Internet services have been disrupted in parts of the Middle East after damage to an undersea cable in the Mediterranean. There was disruption to 70% of the nationwide network in Egypt, a government official told Reuters. There was also disruption in the United Arab Emirates (UAE), Kuwait and Saudi Arabia, reported the Associated Press. India also suffered up to 60% disruption, a national industry body told Reuters news agency.
of PTCL is reporting that Pakistan is also affected by this outage.
At approx. 11:30am today, the SMW4 Segment 4 Sumbarine Cable went down due to a fiber cut between Marseille and Palermo due to which the Internet connectivity in Pakistan is severely affected.
At this moment, TWA1 customers are suffering the most. PTCL has switched it's Internet traffic from SMW4 to SMW3.
Let's hope that this fault is repaired soon since degraded Internet service cripples internet for business.
Update: A ship has left Italy for repairing the fault. However, timelines indicated by SMW4 are anywhere from twelve to fourteen days!!
This latest disruption reminds me of June 2005 outage of ALL Internet access in Pakistan due to damage to the lone undersea fiber optic cable in the Arabian Sea connecting Pakistan with the rest of the world. This cable is owned by a 92-nation international consortium and operated by SingTel, the Singapore telecommunications company. There were satellite link but these links have very limited bandwidth. Even though the number of Internet users in Pakistan is relatively small at about 15-20 million, the impact on business was disproportionate. Traders on KSE reported as much as 80% drop in trading volume from this outage. All call center activities and other BPO vendors were severely affected.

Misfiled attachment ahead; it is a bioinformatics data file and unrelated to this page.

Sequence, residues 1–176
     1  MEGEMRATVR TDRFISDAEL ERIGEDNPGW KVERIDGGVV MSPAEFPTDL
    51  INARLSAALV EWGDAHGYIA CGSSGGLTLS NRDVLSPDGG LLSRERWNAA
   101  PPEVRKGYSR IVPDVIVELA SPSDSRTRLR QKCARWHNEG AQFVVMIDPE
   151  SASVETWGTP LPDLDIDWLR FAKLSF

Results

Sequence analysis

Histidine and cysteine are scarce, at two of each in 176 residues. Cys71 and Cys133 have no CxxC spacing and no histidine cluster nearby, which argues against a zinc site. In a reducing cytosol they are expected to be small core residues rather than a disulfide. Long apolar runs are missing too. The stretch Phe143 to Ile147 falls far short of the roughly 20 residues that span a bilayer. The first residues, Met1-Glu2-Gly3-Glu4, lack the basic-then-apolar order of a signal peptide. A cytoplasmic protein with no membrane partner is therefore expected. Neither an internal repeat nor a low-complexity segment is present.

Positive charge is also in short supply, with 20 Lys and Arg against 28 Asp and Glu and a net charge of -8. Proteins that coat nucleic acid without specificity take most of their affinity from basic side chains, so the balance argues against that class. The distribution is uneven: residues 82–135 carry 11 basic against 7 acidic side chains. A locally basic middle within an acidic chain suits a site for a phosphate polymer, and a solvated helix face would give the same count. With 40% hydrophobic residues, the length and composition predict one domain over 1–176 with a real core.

In February 2006, there was another brief disruption when Pakistan’s first undersea fiber optic cable, SMW3, was damaged causing interruption in the country’s Internet and voice traffic. However, there was no breakdown in any part of the country, as the recently-commissioned submarine cable, SMW4, was fully operational. While the additional cable has made Pakistan less vulnerable, the growing use and bandwidth requirements in Pakistan will continue to strain these cables, unless additional capacity is added on a regular basis.